Posts Tagged ‘keeping a record’

From Deeper In The Samples Box …

Thursday, March 6th, 2014

holes samples

So at one time you can see I was pretty full on with the leather punch – and a few years ago looked into buying a secondhand laser cutter, but various real considerations and practicalities finally prevailed, and I didn’t go ahead with it.  I think I’d have had to do a lot of trophy engraving to pay for it ….  Well, I like the organic, hand-cut look, anyway 🙂

Patterns Of Holes – Current Exploration

Monday, October 28th, 2013

These couple of beach photos show why I find patterns on the sand inspiring – although I have only just connected them to my current ‘holes’ focus.  They are of sand ripples and drainage lines of course; but to each photo I have added some sketch lines to highlight the potential of such patterns as ‘holes’, which to me mean ‘lace’ of a freeform kind.

In this first one,  I sketched in some lines to show how I see irregularly edged fabric with cut holes, and stitch on patterns suggested by the drainage lines, and knotty things of some kind like the little lumpy bits on the sand.

sand lace 2 web


And in the second, I have quickly sketched around shapes to show you why I am thinking ‘free form lace ‘ of a kind.

sand lace 3 web

And, if I made some holes with a crochet hook or knitting needles,  both those would provide additional textures …hmm, possibilities.

I’ve already hacked various sized and shaped holes into a variety of fabrics this morning, and now they and some of the cutout bits (these in a mesh bag) are all  swirling around in the long wash cycle.  After a spell in the dryer I hope some interestingly frayed and inspiring pieces of fabric will take me to another step in what I have in mind.



Taking Notes

Sunday, October 27th, 2013

I just watched an interview on BBC World with American writer Donna Tartt whose work I don’t know but must read soon.  All three novels including her just released “The Goldfinch” are available on kindle and audio.  Recorded books are a great help to me, as I can ‘read’ while doing other no-brain-required stuff like walking the dog or quilting.  Interestingly Tartt was talking about the pre-writing stage of a book, which termed evanescent and exciting as she gathers up ideas, and consults the vast quantity of ‘notes and bobs’ she constantly puts into a note book.  She always has a notebook with her  to jot down ideas and observations as she experiences them.  In this planning/designing phase of a book she can write absolutely anywhere including a friend’s couch, in the bath, in a public library, and on the bus.  The interviewer countered that many writers would balk at writing in a public library as being too, well, public. Tartt responded that to her its wonderful, as whenever you need a character there’s a passing parade of potential to choose from to flesh out a story.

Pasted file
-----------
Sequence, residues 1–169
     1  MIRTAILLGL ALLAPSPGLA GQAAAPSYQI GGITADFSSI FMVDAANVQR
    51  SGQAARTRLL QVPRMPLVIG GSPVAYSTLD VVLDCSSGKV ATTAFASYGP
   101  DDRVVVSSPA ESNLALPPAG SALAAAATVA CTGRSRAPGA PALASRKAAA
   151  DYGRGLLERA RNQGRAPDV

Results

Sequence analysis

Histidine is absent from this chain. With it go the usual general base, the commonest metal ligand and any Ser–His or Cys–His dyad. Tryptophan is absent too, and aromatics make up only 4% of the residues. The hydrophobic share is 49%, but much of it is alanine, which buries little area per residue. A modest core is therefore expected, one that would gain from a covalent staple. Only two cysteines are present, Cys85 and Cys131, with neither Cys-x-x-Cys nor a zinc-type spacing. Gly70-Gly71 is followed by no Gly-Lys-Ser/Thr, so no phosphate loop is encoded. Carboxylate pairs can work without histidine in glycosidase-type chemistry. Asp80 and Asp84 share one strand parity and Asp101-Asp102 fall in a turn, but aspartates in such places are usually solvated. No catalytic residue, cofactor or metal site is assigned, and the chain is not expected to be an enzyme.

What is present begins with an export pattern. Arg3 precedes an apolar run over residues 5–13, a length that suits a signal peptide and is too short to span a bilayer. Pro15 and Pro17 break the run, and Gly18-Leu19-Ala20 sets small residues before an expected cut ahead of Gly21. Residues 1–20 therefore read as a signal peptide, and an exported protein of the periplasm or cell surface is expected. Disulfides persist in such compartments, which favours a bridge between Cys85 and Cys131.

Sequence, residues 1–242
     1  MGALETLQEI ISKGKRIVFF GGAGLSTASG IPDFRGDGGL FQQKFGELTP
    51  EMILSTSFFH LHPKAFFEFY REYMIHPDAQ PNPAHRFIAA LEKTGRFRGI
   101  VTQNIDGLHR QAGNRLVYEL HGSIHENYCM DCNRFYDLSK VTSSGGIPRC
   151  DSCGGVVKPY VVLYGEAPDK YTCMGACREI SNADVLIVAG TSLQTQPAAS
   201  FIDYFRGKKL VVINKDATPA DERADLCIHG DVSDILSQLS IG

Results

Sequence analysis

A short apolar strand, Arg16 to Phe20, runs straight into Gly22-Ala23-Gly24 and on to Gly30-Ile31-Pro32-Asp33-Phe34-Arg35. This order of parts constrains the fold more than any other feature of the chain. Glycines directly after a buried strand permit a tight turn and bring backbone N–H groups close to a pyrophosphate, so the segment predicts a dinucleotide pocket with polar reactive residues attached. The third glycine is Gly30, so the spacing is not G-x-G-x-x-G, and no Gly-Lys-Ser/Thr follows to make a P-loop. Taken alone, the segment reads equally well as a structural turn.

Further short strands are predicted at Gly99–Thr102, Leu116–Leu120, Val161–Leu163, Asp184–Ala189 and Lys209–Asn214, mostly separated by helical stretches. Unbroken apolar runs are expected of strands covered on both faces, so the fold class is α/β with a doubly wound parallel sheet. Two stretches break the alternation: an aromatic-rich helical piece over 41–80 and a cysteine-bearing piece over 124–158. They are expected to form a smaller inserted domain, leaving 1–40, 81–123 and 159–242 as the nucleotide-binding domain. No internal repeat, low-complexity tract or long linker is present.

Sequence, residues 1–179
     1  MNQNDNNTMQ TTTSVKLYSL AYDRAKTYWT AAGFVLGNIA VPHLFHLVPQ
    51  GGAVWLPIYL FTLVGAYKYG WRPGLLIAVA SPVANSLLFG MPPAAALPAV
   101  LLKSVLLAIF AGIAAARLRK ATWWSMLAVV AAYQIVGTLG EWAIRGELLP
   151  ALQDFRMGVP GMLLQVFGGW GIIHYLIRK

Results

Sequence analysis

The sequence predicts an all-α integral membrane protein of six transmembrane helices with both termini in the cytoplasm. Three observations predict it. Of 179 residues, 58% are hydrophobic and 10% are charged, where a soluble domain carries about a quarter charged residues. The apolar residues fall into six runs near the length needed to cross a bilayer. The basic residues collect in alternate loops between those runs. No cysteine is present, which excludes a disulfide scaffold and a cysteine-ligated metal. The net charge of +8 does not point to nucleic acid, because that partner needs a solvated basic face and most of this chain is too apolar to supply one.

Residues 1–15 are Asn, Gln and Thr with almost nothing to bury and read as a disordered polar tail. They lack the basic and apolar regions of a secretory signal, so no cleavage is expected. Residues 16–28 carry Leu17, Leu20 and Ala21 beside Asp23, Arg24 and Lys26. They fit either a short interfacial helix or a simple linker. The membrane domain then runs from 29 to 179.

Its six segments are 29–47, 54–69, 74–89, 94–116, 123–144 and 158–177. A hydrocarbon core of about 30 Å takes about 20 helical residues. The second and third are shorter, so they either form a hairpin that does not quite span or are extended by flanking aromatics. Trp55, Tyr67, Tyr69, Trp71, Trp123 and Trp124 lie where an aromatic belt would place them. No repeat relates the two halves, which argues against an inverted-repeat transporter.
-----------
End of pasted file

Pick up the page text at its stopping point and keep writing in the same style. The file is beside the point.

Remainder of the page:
The next phase, which can last a long time is the hard work of writing the story, for which she didn’t use my term ‘hackwork’, but mentioned the hard work to be got through once her planning or designing has been done.  In this phase I usually put on the headphones and listen to a recorded book or favourite.  My hands are busy but my mind can be elsewhere.  She talked removing an 80-page passage of writing from her recent book in this phase. The reviewer was aghast at the thought of removing 80 pages from a draft, as after all, that’s a high percentage of an average modern novel !  To Tartt a particular piece of writing had to be done, if only to then show her where she should really be heading with the work; and if it meant ditching a chunk to improve it, then so be it.  I don’t often ditch large sections of quilts I’m working on, but have, and for that same reason.  And occasionally a problematic work might take a spell in a cupboard, and emerging appear fresh, and redeemable.  Writing a novel is not the same as planning a textile work, but there are definite strong similarities.  I know people who’ve cut up sections of a larger work and presented them as small works, and I have one or two that I’m tempted to ‘reshape’ this way, being OK because its still the artist’s hand (and eye) at work.